It was also when Hamilton Carhartt & Company was founded by its namesake (known affectionately as “Ham”) and began producing overalls with two sewing machines and a half-horsepower electric motor in a small Detroit loft. Early failures led Hamilton to focus heavily on market research, and after talking directly with railroad workers, he designed a product that truly fit their needs. Under the motto, “Honest value for an honest dollar,” the Carhartt bib overall was created and rapidly evolved into the standard for quality workwear.
By 1910, Carhartt had grown to include mills in South Carolina and Georgia, as well as sewing facilities in Atlanta, Detroit, Dallas, and San Francisco. The company expanded internationally to Walkerville (Ontario), Toronto, Vancouver, and Liverpool. A Paris facility and a New York office and warehouse later followed.
In times of international conflict, Carhartt committed to “backing the attack.” The company offered seven Carhartt facilities to the government for the purpose of creating uniforms for the U.S. military in World War I. During World War II, the company produced coveralls for soldiers and support personnel, jungle suits for Marines in the Pacific, and workwear for women entering the factories on the home front.
In 1929, the stock market collapse was as brutal to Carhartt as it was to the rest of the country. The company came close to shutting its doors for good. Keeping the business alive is a testament to the tenacity, passion, and ingenuity displayed by Hamilton and his sons during that time. Despite the challenges posed by the Great Depression, Carhartt continued its wholehearted support for worker’s rights.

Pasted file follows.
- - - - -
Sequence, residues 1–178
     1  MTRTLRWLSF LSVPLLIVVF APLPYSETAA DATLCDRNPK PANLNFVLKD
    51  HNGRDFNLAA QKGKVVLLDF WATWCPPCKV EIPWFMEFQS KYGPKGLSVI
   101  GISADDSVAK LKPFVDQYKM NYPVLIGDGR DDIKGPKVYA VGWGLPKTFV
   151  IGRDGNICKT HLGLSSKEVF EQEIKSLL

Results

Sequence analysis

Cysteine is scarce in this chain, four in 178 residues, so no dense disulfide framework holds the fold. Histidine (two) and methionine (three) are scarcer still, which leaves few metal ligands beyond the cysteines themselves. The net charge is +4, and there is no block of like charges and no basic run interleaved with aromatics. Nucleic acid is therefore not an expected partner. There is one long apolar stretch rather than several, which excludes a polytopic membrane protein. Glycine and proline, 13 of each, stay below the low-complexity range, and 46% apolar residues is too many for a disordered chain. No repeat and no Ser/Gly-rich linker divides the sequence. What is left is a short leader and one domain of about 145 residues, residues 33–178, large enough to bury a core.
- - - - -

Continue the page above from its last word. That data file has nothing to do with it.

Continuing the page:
During the 1970s, massive orders for the construction of the Alaska Pipeline helped grow the brand, and Carhartt undeniably showed that its products could survive and thrive in the most rugged conditions on Earth.
The Carhartt brand became popular with consumers outside blue-collar trades during the 1970s and 1980s. More people began to learn about the brand as big names in the hip-hop music industry started to wear Carhartt. Interest expanded across the pond in Europe, leading to the creation of the Carhartt Work In Progress label in 1989, which is targeted toward consumers in Europe and Asia who value refined details and design that remains true to Carhartt’s brand DNA.
Over the past 15 years, Carhartt has produced more than 80 million garments and accessories in the U.S. The company also sources heavily from U.S. suppliers such as Mt. Vernon Mills in Georgia (fabric) and YKK Snap USA in Kentucky (snaps and buttons), among others.